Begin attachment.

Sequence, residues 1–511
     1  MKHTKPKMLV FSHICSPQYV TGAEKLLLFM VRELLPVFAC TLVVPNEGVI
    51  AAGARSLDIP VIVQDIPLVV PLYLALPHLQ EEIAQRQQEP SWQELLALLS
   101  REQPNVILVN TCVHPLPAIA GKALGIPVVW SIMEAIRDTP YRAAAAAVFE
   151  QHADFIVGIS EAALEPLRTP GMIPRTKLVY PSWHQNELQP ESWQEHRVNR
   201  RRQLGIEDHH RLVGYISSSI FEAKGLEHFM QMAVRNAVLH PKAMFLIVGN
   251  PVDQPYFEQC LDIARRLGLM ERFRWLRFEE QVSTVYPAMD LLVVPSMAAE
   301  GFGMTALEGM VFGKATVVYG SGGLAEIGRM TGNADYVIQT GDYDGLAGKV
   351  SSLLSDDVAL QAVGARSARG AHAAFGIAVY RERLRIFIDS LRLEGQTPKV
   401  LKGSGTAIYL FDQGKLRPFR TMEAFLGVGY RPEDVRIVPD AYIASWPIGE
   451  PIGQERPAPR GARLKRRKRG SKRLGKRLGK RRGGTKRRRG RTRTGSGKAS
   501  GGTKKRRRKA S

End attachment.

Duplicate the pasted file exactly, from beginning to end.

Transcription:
Sequence, residues 1–511
     1  MKHTKPKMLV FSHICSPQYV TGAEKLLLFM VRELLPVFAC TLVVPNEGVI
    51  AAGARSLDIP VIVQDIPLVV PLYLALPHLQ EEIAQRQQEP SWQELLALLS
   101  REQPNVILVN TCVHPLPAIA GKALGIPVVW SIMEAIRDTP YRAAAAAVFE
   151  QHADFIVGIS EAALEPLRTP GMIPRTKLVY PSWHQNELQP ESWQEHRVNR
   201  RRQLGIEDHH RLVGYISSSI FEAKGLEHFM QMAVRNAVLH PKAMFLIVGN
   251  PVDQPYFEQC LDIARRLGLM ERFRWLRFEE QVSTVYPAMD LLVVPSMAAE
   301  GFGMTALEGM VFGKATVVYG SGGLAEIGRM TGNADYVIQT GDYDGLAGKV
   351  SSLLSDDVAL QAVGARSARG AHAAFGIAVY RERLRIFIDS LRLEGQTPKV
   401  LKGSGTAIYL FDQGKLRPFR TMEAFLGVGY RPEDVRIVPD AYIASWPIGE
   451  PIGQERPAPR GARLKRRKRG SKRLGKRLGK RRGGTKRRRG RTRTGSGKAS
   501  GGTKKRRRKA S